Medicaid is expanded for Utahns, particularly in wake of layoffs due to COVID-19 pandemic
But state doesn’t promote its availability, and questions arise about new work requirement as more lose jobs
SALT LAKE CITY — Medicaid is finally expanded in Utah and the program is accepting applications from anyone who finds themselves unemployed in the wake of the coronavirus outbreak.
But the process may not be as open as it should be.
“This is a really difficult time, obviously, with layoffs and unemployment ... it seems counterintuitive to have a work requirement right now,” Stephanie Burdick, a consumer representative on the Utah Department of Health’s Medical Care Advisory Committee, said Thursday during its monthly meeting, which was conducted via conference call to adhere to proper social distancing standards.
She said work may not be an option for some people come May 1, when the state’s work requirement is set to start affecting Medicaid eligibility.
Burdick expressed concern that Utahns who head to the Department of Workforce Services to file for unemployment aren’t automatically directed to apply for Medicaid.
And yet that is a good example of why Medicaid was expanded in Utah — even with all the waivers and restrictions put in place to get there — to help people who find themselves in between jobs and without health care.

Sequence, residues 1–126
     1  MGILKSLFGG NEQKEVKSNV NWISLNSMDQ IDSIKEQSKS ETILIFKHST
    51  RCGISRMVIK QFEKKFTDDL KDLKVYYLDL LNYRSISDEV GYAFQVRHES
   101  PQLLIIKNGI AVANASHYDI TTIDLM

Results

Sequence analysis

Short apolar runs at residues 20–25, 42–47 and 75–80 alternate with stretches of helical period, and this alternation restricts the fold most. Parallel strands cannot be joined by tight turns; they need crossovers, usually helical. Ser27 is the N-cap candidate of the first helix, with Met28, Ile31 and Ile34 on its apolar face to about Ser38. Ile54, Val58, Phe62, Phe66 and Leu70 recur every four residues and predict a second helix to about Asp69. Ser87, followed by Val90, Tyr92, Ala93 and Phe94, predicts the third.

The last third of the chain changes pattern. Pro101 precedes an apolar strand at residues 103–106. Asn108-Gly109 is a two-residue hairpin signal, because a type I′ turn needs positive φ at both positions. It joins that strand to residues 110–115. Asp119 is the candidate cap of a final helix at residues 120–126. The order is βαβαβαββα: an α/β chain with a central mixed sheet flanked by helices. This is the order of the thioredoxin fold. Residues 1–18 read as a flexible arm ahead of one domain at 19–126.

Muris Prses, assistant director at Workforce Services, said his office provides additional information on supportive services for Utah’s unemployed, including Medicaid — but only if people ask about it.
“We don’t really advertise public assistance in Utah,” he said, adding that more could be done to inform people who might need assistance.
Emma Chacon, the state’s Medicaid operations director, said discussions are ongoing about possibly suspending the new work requirement amid the economic downturn resulting from the rapid spread of coronavirus.
The committee expressed concern, too, for existing Medicaid clients who may not know what to do when they have symptoms or think they need medical assistance.
A lot, Burdick believes, are showing up at emergency departments and that goes against federal, state and local health department recommendations to keep the illness from spreading, especially among health care workers.
“There so much going on, so quickly ... so it’s likely been missed,” Chacon said.
Full Medicaid expansion took effect in Utah in January, meaning adults ages 19 to 64 are eligible if they make up to 138% of the federal poverty level (which is $17,236 for an individual or $35,535 for a family of four). The federal government will cover 90% of the costs of expanding services, with the state covering the remaining 10%, according to the state health department.
Up to 120,000 Utahns are expected to now be eligible, and many of them have already applied, as enrollment is up again this month, the committee learned.
In addition to Medicaid, the United Way of Utah has set up the COVID-19 Community Response Fund to support organizations across the state that are helping Utahns “feeling the economic consequences of the outbreak and expand their capacity to serve more people,” the nonprofit group said Thursday. It is asking anyone who can to donate at uw.org/covid19-community-fund.
The fund aims to assist people with rent and mortgage payments, shelter diversion, crisis child care, health care for vulnerable Utahns, and, as usual, other referrals through its existing resource and information line, 2-1-1.
“Given the extreme economic circumstances in the state, we know a lot more people will be eligible,” said committee member Brian Monsen. “Another month in and we’re going to be deeper into the crisis.”